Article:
Holter Monitor Results for ATPR

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Date Joined Jan 2014
Total Posts : 394
   Posted 8/4/2014 7:18 PM (GMT -6)   
I tried to post this all weekend. Sorry for the delay. It still didn't post on two of my browsers, but worked on a third.

Average Heart Rate was 45, which for most people would be rather slow. Some people normally have slower rates, you'd have to consult with your doctor about that.

Max 84 Beats Per Minute (BPM) and during sleep, 32 BPM minimum. Again, slow for most, consult your doctor.

The heart consists of a top part, the atria (two chambers), and bottom part, the ventricles (two chambers). It is also divided into a right half, one atrial and one ventricular chamber, that receive blood from the body and pump it to the lungs, and a left half, one atrial and one ventricular chamber that receives blood from the lungs and pumps it to the body.

27 Ventricular Ectopics, or skipped beats, also known as Premature Ventricular Contractions or PVCs, I had 6000 on my first Holter this year, 3900 on the second. The origin of these 27 Ectopics you had was in the Ventricles.

35 Supraventricular Ectopics. Our natural pacemaker is near the top of the heart. Supra means "above", so supraventricular is above the ventricles. Our natural pacemaker is supraventricular as well, rhythms that occur above the ventricles are often not as worrisome as rhythms that occur in the ventricles (I'm talking fast rhythms here, this does not pertain to your 27 Ventricular Ectopics, these are common, and if a doctor said they're benign, you needn't worry about them).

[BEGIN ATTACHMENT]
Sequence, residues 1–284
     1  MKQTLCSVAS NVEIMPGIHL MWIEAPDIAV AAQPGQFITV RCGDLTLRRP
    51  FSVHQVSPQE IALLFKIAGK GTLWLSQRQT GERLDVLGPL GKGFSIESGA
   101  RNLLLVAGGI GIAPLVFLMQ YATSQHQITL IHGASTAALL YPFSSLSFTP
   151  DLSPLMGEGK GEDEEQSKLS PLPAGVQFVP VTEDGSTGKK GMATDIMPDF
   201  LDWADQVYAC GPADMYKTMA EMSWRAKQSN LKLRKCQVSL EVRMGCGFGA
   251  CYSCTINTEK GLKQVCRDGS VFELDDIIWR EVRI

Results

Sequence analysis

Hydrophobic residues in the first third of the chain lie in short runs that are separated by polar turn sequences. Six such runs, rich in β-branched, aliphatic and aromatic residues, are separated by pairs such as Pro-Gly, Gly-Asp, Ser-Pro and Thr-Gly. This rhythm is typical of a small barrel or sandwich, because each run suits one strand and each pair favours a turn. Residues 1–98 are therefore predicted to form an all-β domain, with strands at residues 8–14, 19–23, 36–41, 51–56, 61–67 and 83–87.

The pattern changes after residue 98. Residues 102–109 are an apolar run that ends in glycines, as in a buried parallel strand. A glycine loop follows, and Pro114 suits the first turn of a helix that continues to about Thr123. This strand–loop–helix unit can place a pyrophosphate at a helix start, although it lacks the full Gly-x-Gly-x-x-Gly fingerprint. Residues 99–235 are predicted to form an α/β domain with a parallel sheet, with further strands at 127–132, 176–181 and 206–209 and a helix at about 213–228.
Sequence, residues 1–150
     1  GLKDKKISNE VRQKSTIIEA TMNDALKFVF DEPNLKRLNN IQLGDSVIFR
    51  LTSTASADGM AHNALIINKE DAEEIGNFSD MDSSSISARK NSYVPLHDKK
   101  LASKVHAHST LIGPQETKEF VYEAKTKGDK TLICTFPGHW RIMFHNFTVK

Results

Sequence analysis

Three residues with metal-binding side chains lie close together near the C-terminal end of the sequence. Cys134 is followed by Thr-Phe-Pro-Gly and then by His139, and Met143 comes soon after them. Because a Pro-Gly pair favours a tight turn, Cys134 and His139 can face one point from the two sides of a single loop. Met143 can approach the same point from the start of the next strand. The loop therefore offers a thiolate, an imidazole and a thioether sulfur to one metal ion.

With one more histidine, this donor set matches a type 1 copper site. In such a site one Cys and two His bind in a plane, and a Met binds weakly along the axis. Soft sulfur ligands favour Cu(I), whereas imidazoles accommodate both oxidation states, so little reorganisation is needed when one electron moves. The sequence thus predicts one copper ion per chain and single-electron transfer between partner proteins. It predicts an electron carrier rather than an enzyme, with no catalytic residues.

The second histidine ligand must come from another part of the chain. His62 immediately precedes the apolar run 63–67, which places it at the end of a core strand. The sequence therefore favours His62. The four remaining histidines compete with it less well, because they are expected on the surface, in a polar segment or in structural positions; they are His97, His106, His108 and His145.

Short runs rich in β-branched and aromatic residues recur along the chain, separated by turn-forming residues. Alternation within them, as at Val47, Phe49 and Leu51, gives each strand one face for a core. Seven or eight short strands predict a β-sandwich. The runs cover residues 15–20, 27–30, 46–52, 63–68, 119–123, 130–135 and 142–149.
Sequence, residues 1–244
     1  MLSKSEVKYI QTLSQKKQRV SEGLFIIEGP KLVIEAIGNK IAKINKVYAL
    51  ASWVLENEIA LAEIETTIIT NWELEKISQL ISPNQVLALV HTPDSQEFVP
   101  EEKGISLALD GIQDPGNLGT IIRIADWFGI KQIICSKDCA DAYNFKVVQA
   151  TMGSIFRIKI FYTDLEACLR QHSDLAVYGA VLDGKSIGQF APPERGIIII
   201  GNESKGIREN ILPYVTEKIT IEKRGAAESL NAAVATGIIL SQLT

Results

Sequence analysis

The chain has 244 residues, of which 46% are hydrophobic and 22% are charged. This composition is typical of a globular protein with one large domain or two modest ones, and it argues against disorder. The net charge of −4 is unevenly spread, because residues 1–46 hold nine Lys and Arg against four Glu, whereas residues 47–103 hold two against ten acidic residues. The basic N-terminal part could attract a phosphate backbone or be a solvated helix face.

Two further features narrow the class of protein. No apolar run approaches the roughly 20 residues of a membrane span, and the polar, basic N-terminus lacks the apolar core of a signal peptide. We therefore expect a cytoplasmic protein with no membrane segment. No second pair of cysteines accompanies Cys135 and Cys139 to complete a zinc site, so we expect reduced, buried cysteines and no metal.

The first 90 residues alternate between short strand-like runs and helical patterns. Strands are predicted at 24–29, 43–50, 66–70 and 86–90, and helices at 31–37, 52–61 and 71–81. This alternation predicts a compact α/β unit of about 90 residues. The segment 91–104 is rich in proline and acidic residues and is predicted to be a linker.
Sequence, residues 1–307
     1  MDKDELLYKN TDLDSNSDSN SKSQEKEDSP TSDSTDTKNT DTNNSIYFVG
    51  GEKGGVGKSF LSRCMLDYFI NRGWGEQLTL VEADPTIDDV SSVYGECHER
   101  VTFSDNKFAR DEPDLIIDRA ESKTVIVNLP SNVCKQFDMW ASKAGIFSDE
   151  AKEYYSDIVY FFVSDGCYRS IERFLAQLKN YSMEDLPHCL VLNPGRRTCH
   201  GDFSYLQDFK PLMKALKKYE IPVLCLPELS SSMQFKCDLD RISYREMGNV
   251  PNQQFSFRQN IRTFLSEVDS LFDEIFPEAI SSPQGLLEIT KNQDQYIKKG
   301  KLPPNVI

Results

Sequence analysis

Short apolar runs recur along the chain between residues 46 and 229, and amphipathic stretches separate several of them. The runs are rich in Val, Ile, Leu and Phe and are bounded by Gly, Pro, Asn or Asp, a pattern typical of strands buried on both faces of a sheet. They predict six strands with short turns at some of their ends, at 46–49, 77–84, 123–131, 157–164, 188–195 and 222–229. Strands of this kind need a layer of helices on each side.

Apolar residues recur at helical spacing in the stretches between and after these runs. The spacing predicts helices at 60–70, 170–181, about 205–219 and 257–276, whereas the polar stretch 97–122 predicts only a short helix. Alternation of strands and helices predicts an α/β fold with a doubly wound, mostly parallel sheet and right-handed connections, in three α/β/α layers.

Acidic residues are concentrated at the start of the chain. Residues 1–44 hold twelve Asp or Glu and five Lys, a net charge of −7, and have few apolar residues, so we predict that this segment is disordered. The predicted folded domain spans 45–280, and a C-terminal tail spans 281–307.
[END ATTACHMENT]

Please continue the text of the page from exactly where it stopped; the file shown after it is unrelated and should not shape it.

Isolated means an ectopic that occurs with at least one normal beat in between. Pair is two ectopics consecutive with no normal beat in between, and I believe a run is 3 or more consecutive without normal beats in between. Since you've listed these under supraventricular, I trust they are referring to the origins of the pair and run above the ventricles.

The longest and fastest must be a calculated rhythm based on the Heart Rate that would have occurred had the 3 beat run not stopped.

I'm not qualified, actually, to formally comment on any of these issues, but especially so the more technical aspects of the EKG results.

The following graphic shows the relationship of various aspects of the EKG and may be of some use. Although heart attack and other structural issues with the heart can cause ST Segment elevation, so can medications, electrolytes, etc.


Much of the remainder of your Holter Report as you listed are explained at the links following, but are beyond my comprehension at this time.



Please consult with your doctor on these issues and with any concerns, I'd be interested in what he/she has to say about your slow heart rate and other information.

Post Edited (JungRulz) : 8/4/2014 6:28:10 PM (GMT-6)

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